I am writing in response to the article titled “First National Suffragist Memorial Breaks Ground” (Connection, November 20-26, 2019). Reading it made me realize that I, too, was not aware of the horrific maltreatment that occurred during women’s suffrage only a century ago.
In public education, students are not taught about the extent to which suffragists were ridiculed and tortured throughout the movement. No teacher ever muttered the words “Night of Terror” or mentioned the sheer misery that these women faced. This ultimately causes students to overlook parts of history they did not know existed, thus reinforcing women’s suffrage as the “best-kept secret in American history.” However, they also fail to mention how this first-wave feminism was mainly focused on obtaining rights for white women. Although I am truly enthused to see a memorial finally being built for these brave ladies, I do wonder how the Suffragist Memorial Association plans to honor the minority activists who were (and still are) rarely ever recognized for their contributions to women’s suffrage.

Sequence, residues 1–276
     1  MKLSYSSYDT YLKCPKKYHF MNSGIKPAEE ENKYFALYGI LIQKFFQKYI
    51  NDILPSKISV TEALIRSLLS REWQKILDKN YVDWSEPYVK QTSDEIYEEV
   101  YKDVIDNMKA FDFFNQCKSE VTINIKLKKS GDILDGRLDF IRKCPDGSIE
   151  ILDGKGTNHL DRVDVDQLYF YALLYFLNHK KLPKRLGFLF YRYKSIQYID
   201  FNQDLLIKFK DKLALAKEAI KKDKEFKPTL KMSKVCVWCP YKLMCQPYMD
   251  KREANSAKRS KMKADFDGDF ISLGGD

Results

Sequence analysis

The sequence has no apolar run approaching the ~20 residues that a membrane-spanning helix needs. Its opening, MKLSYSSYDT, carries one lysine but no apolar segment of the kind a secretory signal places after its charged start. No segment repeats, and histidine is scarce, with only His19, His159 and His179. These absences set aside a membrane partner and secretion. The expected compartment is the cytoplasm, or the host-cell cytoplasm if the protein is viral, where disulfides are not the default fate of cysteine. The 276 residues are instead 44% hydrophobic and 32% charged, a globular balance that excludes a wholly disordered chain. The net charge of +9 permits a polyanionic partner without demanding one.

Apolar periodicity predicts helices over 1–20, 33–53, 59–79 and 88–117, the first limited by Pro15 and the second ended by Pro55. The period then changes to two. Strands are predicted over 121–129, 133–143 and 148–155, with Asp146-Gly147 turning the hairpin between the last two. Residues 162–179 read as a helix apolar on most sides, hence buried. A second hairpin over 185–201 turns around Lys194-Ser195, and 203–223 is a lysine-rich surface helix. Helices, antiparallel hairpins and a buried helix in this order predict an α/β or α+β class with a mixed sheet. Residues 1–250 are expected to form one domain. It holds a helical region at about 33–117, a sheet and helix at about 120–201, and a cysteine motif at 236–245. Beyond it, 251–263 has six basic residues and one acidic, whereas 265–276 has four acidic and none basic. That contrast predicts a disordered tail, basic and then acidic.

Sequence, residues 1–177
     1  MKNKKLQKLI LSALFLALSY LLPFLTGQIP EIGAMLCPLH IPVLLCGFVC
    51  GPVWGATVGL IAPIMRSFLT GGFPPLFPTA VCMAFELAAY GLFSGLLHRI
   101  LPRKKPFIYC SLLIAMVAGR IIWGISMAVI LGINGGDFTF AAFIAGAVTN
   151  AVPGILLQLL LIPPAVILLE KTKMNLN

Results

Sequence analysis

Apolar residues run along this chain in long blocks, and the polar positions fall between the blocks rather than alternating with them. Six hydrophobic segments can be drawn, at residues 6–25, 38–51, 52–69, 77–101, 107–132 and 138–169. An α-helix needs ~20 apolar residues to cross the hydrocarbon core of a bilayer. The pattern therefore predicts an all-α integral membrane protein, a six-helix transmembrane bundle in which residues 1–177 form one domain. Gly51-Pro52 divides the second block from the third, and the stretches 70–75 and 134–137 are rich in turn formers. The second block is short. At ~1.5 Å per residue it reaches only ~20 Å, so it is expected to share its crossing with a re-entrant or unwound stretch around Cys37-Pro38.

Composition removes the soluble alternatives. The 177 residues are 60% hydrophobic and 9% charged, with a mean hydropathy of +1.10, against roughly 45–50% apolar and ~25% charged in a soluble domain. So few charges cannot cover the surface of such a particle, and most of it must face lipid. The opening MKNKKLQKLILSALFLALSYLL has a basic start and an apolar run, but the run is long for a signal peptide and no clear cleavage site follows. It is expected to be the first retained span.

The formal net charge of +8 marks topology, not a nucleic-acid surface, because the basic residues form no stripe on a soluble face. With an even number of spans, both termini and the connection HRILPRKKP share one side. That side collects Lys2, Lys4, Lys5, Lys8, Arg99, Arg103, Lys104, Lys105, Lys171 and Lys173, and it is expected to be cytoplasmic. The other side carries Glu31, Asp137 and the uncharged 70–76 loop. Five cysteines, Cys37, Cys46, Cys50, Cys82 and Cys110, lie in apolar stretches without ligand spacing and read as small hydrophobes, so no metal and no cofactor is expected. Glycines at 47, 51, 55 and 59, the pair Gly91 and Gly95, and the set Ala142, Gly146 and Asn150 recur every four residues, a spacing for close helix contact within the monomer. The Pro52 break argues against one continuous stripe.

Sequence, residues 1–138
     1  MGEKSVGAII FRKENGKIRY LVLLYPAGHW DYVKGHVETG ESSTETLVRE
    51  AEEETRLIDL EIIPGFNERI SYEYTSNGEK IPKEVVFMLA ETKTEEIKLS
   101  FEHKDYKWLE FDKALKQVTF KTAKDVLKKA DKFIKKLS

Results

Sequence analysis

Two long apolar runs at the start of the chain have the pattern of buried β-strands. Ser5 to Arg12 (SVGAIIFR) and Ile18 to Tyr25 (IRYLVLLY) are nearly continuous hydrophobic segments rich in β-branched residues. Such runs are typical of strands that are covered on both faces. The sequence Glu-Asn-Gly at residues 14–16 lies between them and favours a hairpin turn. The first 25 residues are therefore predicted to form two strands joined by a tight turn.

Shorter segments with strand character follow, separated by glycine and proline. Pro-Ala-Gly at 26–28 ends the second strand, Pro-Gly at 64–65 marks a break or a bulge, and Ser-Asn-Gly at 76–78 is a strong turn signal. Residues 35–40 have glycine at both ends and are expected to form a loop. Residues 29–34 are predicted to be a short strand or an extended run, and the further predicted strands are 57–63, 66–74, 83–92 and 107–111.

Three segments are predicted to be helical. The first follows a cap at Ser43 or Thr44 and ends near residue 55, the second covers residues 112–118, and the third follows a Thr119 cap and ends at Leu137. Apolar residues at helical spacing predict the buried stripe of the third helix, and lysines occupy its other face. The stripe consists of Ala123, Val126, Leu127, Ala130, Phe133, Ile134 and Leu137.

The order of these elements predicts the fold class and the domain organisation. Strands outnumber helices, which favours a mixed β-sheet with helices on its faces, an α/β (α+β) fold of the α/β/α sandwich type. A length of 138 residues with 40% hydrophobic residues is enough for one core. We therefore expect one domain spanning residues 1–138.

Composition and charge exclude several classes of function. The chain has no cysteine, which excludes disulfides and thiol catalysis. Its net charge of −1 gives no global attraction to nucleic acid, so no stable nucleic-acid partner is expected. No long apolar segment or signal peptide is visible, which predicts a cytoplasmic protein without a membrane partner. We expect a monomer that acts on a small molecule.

Despite not being a main focus of the article, I appreciated the inclusion of Ms. Bingham’s quote about being both Black and a woman. In it, she called attention to the binary nature of African American women’s suffrage that is often overlooked. This served as an important reminder that women’s suffrage has been widely taught using a single story—one about White feminism that continuously marginalized minority women and intentionally disregarded the fact that racism and sexism were part of the same fight. Nonetheless, I anticipate that the National Suffragist Memorial will exceed expectations. Upon its completion, I hope that the memorial will adequately illustrate the complex evolution of feminism, serving as a guide for future feminists to engage in activism with a more mindful, intersectional approach.